This is an application for a K08 award for Dr. Jennifer Y. Chen, a gastroenterologist and hepatologist at the Massachusetts General Hospital (MGH). Dr. Chen?s long-term career goal is to become an independently funded physician scientist, devoting more than 75% of her time to establish and maintain a basic science research program in hepatic fibrosis. This K08 award will provide Dr. Chen with the support necessary to achieve her short-term goals: 1) develop additional training in molecular biology, including investigating protein interactions and induction of stable gene expression; 2) gain expertise in genome-wide transcriptional analysis; 3) become proficient in transgenic mouse work and mouse models of hepatic fibrosis; and 4) produce the data and publication record necessary for a successful R01 application. In prior work, the candidate has developed a small molecule screen to identify compounds that inactivate hepatic stellate cells (HSCs), the primary cell type responsible for hepatic fibrosis. Through analysis of a hit, she identified that the sphingolipid ceramide can profoundly inhibit the activated effector phenotype of HSCs. Her work has identified a potential antifibrotic role for inhibition of acid ceramidase (aCDase), the enzyme responsible for ceramide metabolism. In this proposal, the candidate seeks to elucidate the mechanism by which ceramide accumulation inactivates HSCs and define the role of aCDase in fibrosis progression. The specific goals of the study are to: 1) determine how ceramide mediates HSC inactivation; and 2) define the impact of aCDase depletion and inhibition on fibrosis development in vivo. Under the first aim, the applicant will utilize a combination of techniques including immunoblotting, small molecule inhibition and activation, RNA interference, and expression of constitutively activated mutant proteins to understand how ceramide inactivates HSCs. Genome-wide expression analysis will be performed to elucidate transcriptional targets of ceramide. Under the second aim, the applicant will generate mice with a conditional fibroblast-specific deletion of aCDase, and will determine the extent to which they experience reduced fibrosis in two independent models of hepatic fibrosis. She will also determine the antifibrotic effects of a small molecule inhibitor of aCDase in vivo. As an integral part of this proposal, the candidate?s career development will be complemented by participation in advanced coursework and research seminars to develop expertise in molecular biology, genome-wide transcriptional analysis, and in vivo models of hepatic fibrosis. A formal mentorship committee and advisory team will provide supervision, guidance, and assistance for the candidate to achieve her goals. The research environment, which includes the MGH GI Unit, Harvard Fibrosis Network, Harvard College, Harvard Medical School, and the Harvard School of Public Health, will provide a rich, collaborative, and supportive atmosphere to ensure the candidate?s success. Through this award, the candidate will become an independent basic science investigator by contributing to the understanding of the role of the sphingolipid ceramide and its inactivation of HSCs ex vivo and in vivo.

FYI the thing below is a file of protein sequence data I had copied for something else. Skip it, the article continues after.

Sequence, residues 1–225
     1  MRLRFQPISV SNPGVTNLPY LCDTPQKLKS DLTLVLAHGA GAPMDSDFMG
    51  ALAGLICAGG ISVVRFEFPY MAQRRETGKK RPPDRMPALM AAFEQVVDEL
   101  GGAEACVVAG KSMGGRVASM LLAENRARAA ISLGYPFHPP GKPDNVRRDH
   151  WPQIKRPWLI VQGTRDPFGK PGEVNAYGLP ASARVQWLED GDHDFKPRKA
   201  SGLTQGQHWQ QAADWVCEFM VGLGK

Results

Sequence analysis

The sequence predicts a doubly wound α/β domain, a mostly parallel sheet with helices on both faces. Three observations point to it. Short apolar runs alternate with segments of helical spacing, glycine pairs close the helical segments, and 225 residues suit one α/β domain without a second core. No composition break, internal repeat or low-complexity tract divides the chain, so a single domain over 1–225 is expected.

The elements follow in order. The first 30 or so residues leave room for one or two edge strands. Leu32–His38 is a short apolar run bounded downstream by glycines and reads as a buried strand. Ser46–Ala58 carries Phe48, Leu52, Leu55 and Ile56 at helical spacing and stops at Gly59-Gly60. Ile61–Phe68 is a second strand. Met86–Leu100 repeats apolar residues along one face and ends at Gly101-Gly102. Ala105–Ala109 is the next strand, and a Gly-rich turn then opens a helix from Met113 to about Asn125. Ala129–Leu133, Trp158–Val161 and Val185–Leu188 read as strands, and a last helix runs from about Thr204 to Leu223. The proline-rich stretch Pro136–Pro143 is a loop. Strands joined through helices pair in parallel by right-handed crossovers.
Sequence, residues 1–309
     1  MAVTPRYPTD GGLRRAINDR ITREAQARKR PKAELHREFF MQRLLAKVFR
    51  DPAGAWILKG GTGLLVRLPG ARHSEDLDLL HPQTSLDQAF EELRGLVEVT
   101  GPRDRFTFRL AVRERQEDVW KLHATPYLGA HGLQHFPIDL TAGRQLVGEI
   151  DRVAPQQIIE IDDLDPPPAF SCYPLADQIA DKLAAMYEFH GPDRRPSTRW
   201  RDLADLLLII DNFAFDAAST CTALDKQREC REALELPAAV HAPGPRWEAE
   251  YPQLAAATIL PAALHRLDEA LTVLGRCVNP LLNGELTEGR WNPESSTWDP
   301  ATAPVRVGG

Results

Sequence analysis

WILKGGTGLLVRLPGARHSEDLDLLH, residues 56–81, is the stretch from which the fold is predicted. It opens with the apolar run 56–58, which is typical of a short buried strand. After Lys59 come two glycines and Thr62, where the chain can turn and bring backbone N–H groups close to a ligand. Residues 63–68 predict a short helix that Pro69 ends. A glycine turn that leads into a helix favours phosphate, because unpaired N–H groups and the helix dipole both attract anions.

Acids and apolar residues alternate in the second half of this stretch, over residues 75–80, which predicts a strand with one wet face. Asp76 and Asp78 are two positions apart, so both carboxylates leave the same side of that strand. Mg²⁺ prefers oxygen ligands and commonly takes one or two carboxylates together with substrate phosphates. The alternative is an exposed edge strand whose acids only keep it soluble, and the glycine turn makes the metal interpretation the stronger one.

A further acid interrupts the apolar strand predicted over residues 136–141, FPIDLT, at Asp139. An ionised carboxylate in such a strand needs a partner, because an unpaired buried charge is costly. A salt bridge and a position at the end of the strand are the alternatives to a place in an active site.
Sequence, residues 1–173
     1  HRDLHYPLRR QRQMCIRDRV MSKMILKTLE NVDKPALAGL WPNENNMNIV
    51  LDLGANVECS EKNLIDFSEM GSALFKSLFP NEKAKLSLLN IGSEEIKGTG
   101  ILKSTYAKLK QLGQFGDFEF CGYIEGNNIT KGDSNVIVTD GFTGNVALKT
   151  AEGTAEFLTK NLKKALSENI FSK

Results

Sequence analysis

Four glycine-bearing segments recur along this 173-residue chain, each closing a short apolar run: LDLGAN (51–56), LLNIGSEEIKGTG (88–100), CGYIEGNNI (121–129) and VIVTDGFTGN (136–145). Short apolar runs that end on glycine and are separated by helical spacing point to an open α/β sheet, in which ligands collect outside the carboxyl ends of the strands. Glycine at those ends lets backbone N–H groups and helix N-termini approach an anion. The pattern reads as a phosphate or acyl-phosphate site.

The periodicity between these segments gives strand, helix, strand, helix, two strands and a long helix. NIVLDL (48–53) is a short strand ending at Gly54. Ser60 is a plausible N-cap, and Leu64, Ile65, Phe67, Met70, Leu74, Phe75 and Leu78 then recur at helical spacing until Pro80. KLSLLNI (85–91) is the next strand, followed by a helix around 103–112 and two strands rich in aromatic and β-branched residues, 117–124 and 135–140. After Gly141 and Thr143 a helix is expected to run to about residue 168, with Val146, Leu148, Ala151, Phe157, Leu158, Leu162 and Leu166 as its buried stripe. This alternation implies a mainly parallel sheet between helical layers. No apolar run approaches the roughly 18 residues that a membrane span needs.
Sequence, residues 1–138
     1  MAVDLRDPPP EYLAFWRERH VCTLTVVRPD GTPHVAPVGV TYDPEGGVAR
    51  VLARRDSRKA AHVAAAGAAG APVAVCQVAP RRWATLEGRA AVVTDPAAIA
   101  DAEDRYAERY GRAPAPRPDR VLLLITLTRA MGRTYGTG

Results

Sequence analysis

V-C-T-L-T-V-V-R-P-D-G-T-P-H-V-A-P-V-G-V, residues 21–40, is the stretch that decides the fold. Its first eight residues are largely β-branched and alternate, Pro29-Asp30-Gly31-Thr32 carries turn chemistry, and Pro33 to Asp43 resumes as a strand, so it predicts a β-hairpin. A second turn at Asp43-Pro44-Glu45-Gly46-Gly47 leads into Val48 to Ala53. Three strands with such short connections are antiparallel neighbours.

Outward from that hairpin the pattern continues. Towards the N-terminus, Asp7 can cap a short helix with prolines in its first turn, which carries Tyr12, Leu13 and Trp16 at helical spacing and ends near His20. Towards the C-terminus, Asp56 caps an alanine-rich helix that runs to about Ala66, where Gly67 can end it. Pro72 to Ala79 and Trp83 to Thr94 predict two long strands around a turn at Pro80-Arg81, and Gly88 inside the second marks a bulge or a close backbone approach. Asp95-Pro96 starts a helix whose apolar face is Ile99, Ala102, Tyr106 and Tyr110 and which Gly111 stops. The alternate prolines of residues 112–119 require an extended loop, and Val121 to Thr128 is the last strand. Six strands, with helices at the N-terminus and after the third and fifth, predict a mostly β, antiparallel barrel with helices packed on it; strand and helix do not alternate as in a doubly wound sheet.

The proposed research is relevant to public health because identifying the molecular mechanism by which ceramide inactivates human hepatic stellate cells and defining the antifibrotic role of ceramide accumulation in mouse models of hepatic fibrosis will enhance our understanding of fibrogenesis and improve our ability to halt disease progression among patients with chronic liver disease. Thus, the proposed project is relevant to the NIH's mission to seek and apply knowledge to lengthen life and reduce illness.